There are a lot of ways for student athletes (and their coaches) to get into trouble but, until recently, trading school memorabilia for tattoos was probably not on anyone's Top Ten List. In March 2011, a tit-for-tat[too]-related scandal erupted when head football coach Jim Tressel revealed that he had not disclosed to higher-ups certain e-mails implicating starting quarterback Terrelle Pryor and several other players who had made such an exchange with a local tattoo parlor. Under National Collegiate Athletic Association rules, this fell under the category of accepting improper benefits, and Tressel ultimately resigned.

During the resulting NCAA investigation, at least 20 media organizations, including ESPN, sent public records requests to Ohio State to access documents related to the scandal. Among other things sought by the media were e-mails with the key word "Sarniak," which referred to Ted Sarniak, a Pennsylvania businessman and mentor to Terrelle Pryor and a recipient of Tressel's e-mails regarding the tattoo parlor exchanges.

The media companies' requests were made pursuant to Ohio's so-called Sunshine Laws, a/k/a the Public Records, Open Meetings & Personal Information Systems Act. In an effort to avoid disclosure, the University invoked the federal Family Educational Rights and Privacy Act ("FERPA"), which prohibits educational institutions from releasing "education records." The University also argued that certain of the other records were protected by the attorney-client privilege.

In response to the University's action, ESPN picked up the ball and filed a lawsuit asserting that FERPA was inapplicable to the e-mails, and that Ohio State was violating state public records laws by not complying with its request. ESPN advanced two arguments that the e-mails were not educational records. First, ESPN argued that the records concerning Sarniak and compliance by Ohio state coaches and administrators with NCAA regulations did not directly involve Ohio State students or their academic performance. Second, they argued that the e-mails were not "maintained by an educational agency or institution," and thus they did not fall within FERPA's scope.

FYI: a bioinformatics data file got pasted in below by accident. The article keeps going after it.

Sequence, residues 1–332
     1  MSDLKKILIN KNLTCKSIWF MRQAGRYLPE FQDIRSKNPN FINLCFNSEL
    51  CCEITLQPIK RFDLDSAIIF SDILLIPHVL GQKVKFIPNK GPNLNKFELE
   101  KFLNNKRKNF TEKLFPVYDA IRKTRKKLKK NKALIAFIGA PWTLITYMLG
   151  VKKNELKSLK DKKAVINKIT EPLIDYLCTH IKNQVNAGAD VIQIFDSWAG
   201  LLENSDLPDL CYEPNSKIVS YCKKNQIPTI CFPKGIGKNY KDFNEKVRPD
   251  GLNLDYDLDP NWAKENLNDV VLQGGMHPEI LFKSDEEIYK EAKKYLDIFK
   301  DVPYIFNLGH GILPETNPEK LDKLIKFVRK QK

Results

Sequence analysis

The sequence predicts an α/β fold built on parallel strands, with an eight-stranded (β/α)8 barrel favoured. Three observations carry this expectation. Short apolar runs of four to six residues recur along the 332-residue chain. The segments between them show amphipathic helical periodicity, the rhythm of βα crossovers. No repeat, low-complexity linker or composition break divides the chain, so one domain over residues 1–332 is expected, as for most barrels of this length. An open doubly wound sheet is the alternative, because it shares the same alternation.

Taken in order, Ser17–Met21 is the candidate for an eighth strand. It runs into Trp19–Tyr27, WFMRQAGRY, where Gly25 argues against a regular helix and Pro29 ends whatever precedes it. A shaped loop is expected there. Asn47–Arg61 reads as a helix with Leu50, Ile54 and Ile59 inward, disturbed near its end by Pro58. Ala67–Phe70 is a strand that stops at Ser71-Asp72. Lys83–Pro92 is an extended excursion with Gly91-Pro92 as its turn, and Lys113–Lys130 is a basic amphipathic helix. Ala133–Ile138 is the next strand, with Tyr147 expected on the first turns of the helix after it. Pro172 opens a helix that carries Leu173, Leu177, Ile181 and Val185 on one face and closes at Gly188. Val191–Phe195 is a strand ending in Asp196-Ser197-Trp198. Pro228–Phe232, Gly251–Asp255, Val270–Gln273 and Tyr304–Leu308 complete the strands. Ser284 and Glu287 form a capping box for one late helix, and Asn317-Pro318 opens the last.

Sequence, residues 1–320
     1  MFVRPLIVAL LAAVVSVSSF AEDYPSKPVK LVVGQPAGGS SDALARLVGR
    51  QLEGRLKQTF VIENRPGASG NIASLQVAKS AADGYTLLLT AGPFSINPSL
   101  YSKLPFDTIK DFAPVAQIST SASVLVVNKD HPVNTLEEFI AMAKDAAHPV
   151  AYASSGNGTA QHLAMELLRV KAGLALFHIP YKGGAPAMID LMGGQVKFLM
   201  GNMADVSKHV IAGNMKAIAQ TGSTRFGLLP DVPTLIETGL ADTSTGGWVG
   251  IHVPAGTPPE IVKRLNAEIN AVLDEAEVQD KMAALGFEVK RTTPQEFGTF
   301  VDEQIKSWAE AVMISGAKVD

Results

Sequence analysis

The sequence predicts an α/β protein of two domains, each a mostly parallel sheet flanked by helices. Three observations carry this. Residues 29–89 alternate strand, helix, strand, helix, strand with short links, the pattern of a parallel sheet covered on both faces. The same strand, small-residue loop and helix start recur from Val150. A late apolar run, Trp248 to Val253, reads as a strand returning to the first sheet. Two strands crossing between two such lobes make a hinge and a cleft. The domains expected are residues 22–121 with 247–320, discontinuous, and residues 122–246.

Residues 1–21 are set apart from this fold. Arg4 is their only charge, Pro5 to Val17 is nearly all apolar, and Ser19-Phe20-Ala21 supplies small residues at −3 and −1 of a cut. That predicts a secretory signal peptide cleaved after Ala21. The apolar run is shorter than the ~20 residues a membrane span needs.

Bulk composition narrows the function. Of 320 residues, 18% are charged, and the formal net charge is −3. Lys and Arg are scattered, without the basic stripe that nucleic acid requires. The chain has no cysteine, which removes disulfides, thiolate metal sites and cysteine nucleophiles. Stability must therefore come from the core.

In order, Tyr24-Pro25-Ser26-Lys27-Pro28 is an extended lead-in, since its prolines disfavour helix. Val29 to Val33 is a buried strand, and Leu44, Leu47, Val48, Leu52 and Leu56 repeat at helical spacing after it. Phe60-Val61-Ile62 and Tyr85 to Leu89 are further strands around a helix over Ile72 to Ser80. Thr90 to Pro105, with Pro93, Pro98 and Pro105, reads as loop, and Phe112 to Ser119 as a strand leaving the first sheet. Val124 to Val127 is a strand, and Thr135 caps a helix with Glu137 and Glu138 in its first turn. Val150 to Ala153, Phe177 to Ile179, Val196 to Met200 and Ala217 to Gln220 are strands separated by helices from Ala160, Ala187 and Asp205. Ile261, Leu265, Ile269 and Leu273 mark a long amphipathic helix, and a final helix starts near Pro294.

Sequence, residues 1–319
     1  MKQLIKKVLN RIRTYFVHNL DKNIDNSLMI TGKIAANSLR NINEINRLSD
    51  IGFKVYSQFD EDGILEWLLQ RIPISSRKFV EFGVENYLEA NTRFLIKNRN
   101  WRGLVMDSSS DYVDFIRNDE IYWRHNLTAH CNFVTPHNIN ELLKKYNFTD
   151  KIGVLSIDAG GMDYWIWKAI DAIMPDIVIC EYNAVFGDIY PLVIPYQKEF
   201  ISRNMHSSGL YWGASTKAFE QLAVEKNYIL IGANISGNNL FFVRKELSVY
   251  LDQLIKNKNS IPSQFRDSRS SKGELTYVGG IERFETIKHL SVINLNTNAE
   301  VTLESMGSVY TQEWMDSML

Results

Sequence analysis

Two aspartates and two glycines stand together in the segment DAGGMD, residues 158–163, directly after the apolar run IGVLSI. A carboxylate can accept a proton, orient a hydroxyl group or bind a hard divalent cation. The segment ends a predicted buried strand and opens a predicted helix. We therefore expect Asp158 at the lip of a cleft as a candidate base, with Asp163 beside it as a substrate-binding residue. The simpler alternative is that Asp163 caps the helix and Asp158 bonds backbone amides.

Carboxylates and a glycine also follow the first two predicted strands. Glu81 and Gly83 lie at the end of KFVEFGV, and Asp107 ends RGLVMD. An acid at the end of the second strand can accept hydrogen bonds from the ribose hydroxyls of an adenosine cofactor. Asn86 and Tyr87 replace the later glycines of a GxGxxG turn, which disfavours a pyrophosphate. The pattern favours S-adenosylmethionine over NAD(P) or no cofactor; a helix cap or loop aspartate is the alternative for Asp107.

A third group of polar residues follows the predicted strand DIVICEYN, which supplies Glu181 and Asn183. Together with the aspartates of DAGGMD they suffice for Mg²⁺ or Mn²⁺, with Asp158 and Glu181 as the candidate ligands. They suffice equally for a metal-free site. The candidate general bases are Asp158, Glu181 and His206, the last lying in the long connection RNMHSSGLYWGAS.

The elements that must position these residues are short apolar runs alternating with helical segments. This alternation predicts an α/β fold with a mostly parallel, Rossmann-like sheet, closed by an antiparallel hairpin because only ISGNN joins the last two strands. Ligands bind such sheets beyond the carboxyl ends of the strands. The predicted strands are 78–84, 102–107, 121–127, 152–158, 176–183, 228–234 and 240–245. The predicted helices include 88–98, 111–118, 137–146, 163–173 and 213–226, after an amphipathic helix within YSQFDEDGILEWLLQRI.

After wending its way through the lower courts, the Supreme Court of Ohio, on June 19, 2012, made a final decision, finding merit with both parties' arguments on the applicable law.

As to the scope of FERPA, the court found that Ohio State was correct in asserting that FERPA prohibited the disclosure of the requested e-mails. As to the argument that the e-mails were not educational records under FERPA, the court took a broad view of the definition, holding that e-mails only need contain information directly related to students (in this case, information identifying the student athletes) to qualify. The court rejected the argument that the e-mails had to contain information related to students' academic performance in order to qualify as an educational record.

As to the issue of who maintained the records within the meaning of FERPA, the court also agreed with Ohio State, finding that the Ohio State Department of Athletics properly "maintained" the e-mails by retaining copies of all e-mails sent to or by any person in the department, and keeping all documents related to its investigation of the tattoo scandal in secure electronic files.

Although the court agreed with Ohio State that FERPA barred the disclosure of the e-mails identifying student athletes, it also agreed with ESPN that the e-mails should be released. How did the court square that circle? It ordered Ohio State simply to redact the e-mails to delete any information that personally identified any students or their parents, and provide ESPN access to those redacted e-mails.

So, though the score was FERPA - 1, Sunshine Law - 1, it appears that ESPN was the victor and plunged over the goal line with the requested e-mails.